Every homeowner dreads the day when they’re faced with a major, expensive repair. Some of the costliest of these emergency repairs involve water and your home’s pipes, lines, and plumbing. In this article, we review the most expensive home plumbing repair needs, as well as how you can take steps to avoid a major plumbing catastrophe in your home.
All of the plumbing repairs mentioned in this article have a common theme: water being where it is not meant to be. A leak is the most common cause of this problem. Water leaks in your home can cause structural damage, lead to mold growth, and ruin your floors and walls. Once you add up the cost of repairing the original cause of the leak, mold remediation, and replacing your floors, almost any water leak has the potential to be a major expense.
Most residential water leaks are caused by frozen pipes or roof leaks:
- Burst Frozen Pipes: On below-freezing nights of the year, your pipes are vulnerable. If your home’s heater stops working, the water in some pipes could freeze. As this happens, the water expands into ice, putting incredible pressure on the otherwise-resilient PVC or metal water pipes behind your walls or beneath your floors. Then, the pipe bursts, sending water flooding out. Frozen pipes are incredibly common in cold-weather cities throughout the United States, and they are a major headache for homeowners.
- Roof Leaks: Many roof issues are small and seemingly innocuous at the start. However, as the underlayment deteriorates and moisture gets to the roof structure, a leak is only a matter of time. Roof leaks can lead to significant water damage throughout the home. At that point, not only will the roof need to be repaired, but you’ll also need to deal with the water damage and any effects it has caused.
Here’s how you can avoid water damage and leaks from these two common scenarios:
- Schedule annual maintenance for your home’s furnace to ensure it’s in good working condition heading into the winter. If your home does have outdoor pipes or water lines in exterior walls, have a plumber wrap them in insulation to prevent freezing. If you’re traveling during the winter, ask a neighbor, family member, or friend to periodically check in to ensure that your heater is still running, especially at night. If your pipes do freeze, have a plumber thaw them—never try to do this work yourself!
- Be proactive when it comes to addressing roofing issues. Have a professional roofer inspect your roof every year, especially before rain or snow arrives. If the roofer does identify issues, such as missing shingles, have them fix them as soon as possible. In the event a leak is discovered, call a roofer and mold specialist immediately for an assessment of the damage. A roof leak, as you might expect, will not fix itself.
Sewer Line Issues
Your sewer line is an important part of everyday life in your home. It carries wastewater away from your kitchen and bathrooms to the municipal sewer. When sewer lines encounter problems, making repairs can be incredibly costly. Here are some of the common issues sewer lines face:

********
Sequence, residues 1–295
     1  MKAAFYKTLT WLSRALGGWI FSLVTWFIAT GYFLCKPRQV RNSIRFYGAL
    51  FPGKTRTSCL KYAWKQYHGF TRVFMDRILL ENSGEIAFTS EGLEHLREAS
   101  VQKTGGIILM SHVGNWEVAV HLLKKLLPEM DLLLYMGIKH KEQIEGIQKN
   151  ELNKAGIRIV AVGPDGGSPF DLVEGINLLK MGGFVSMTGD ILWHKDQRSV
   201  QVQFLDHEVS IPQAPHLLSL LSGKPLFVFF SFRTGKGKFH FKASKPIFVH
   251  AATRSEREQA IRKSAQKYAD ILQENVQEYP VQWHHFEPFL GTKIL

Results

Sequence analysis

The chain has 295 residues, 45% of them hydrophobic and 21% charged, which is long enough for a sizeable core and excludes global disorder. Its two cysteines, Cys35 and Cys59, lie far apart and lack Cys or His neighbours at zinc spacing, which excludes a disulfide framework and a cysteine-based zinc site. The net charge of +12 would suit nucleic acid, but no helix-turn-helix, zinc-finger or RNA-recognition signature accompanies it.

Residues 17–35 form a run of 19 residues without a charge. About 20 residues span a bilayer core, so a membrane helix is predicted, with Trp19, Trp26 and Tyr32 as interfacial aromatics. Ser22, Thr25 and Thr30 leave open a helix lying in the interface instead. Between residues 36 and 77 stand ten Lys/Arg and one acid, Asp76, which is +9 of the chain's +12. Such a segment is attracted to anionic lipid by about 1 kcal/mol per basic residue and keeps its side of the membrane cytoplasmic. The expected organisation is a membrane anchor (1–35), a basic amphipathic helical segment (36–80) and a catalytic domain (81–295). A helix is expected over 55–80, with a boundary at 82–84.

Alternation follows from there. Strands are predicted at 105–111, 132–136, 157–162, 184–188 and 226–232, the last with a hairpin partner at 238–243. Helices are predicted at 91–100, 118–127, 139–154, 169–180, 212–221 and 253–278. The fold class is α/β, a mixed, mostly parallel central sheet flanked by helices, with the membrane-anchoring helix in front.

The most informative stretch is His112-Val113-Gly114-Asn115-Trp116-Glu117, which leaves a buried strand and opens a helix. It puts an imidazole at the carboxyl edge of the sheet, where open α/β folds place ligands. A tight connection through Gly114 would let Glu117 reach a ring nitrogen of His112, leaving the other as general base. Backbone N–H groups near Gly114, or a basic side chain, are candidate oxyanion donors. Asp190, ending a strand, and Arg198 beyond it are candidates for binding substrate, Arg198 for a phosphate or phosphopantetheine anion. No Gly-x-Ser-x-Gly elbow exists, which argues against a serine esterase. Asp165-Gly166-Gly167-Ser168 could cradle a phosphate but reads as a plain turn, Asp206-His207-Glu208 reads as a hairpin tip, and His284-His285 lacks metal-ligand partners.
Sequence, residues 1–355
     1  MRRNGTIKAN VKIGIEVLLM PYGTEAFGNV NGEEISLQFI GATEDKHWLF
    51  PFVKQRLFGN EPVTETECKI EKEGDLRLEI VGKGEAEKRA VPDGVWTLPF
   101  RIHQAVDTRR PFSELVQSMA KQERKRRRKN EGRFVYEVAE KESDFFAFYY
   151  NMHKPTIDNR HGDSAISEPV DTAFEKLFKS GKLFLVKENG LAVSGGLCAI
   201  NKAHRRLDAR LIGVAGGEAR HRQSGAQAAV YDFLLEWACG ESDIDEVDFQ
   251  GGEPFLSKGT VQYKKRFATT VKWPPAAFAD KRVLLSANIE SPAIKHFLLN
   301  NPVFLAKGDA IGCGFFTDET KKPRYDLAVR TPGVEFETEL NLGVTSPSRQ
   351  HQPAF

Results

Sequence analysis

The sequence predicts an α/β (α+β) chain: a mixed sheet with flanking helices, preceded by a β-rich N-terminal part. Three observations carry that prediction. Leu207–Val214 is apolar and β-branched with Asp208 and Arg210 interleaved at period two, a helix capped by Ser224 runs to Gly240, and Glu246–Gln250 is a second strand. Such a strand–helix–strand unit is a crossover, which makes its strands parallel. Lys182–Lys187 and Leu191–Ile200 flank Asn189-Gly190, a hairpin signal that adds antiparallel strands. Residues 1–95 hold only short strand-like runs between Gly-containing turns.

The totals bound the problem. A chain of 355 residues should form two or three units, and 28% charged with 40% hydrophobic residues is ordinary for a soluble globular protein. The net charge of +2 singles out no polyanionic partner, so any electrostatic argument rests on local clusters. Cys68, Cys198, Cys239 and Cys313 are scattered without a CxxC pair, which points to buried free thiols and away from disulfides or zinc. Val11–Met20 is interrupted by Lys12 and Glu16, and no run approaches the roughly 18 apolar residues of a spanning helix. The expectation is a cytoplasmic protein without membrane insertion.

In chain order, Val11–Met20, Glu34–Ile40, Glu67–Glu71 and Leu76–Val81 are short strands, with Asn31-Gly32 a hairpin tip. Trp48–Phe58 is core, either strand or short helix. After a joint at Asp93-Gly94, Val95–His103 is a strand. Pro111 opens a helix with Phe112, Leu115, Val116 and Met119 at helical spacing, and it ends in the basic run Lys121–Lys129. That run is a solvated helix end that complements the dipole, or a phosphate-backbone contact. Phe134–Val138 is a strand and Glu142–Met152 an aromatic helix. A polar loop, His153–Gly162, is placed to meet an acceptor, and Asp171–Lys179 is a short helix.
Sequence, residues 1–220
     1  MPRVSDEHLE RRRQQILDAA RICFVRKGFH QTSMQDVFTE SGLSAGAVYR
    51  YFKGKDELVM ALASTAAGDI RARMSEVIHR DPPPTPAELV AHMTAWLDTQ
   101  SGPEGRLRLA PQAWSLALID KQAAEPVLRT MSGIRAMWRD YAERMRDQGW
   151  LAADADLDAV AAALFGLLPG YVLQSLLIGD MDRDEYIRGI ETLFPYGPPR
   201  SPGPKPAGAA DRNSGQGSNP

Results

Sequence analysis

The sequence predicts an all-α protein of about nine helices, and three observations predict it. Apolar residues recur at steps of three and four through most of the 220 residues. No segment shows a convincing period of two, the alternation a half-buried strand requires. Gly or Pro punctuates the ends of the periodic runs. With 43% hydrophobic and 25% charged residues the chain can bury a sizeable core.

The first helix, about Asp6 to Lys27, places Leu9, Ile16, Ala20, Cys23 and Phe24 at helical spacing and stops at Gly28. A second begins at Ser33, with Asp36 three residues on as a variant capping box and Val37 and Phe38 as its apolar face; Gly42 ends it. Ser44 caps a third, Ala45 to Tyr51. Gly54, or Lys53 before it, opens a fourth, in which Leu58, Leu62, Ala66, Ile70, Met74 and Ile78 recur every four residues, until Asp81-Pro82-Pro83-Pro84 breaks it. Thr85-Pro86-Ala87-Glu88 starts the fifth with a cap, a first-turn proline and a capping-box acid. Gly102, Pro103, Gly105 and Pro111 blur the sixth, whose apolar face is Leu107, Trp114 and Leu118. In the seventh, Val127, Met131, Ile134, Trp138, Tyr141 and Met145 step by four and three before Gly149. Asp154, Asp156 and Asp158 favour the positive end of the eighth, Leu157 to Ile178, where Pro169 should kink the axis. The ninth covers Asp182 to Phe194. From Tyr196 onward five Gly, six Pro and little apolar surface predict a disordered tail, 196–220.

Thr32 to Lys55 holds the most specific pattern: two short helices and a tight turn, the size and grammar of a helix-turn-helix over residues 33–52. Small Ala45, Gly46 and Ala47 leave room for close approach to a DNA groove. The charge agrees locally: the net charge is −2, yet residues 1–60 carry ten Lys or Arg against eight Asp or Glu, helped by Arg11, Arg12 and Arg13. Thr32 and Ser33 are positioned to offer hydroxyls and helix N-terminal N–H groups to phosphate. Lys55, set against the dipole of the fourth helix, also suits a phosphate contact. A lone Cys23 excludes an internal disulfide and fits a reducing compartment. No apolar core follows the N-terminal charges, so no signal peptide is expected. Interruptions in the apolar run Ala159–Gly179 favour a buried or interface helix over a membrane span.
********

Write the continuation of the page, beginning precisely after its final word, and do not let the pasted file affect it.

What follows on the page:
- Tree Root Incursion: Any nearby trees in your yard will be drawn to even a relatively small leak in the sewer line. Given enough time, their root systems will grow around and into the line, either blocking it or causing a significant leak in your yard. Fixing this issue typically requires removing the offending tree and digging up the line for repairs, which can quickly add up to an expensive project.
- Clogs: Kitchen and bathroom waste has the potential to form a clog deep in the line. Putting grease, oils, coffee grounds, eggshells, or flour down your kitchen sink can lead to a clog, as can flushing inorganic materials—including allegedly “flushable” wipes—down the toilet. When a clog forms, the wastewater has nowhere to go except back up into your home. The resulting mess can cost tens of thousands of dollars to address.
The good news is that you can take steps to actively avoid most sewer line issues:
- Form a ten-foot perimeter around your sewer line and move any nearby trees to other parts of your yard. Talk to your plumber about which trees and bushes have fast-growing roots that may quickly reach the line. In some cases, tree species with slow-growing root systems may not pose the same threat as others.
- Avoid putting inappropriate kitchen or bathroom waste down the sink or the toilet. Instead, dispose of grease and oils in glass jars before tossing them into the trash. If you suspect a clog is forming in the sewer line, stop running water immediately and call a plumber out to inspect the line. Plumbing professionals have endoscopic camera tools that allow them to look into the sewer line and see a partially formed clog. From there, they can remove it.
Avoid compounding your plumbing problems
Whether it involves thawing a frozen pipe, replacing a water heater, or moving a pipe, many homeowners make matters worse—and more costly—by trying to tackle the work themselves, despite not having the right experience, training, or tools to do so. When in doubt, always call a plumbing professional. The stakes are just too high. The upfront cost of hiring an expert is worth the decreased risk of you making the problem far, far worse.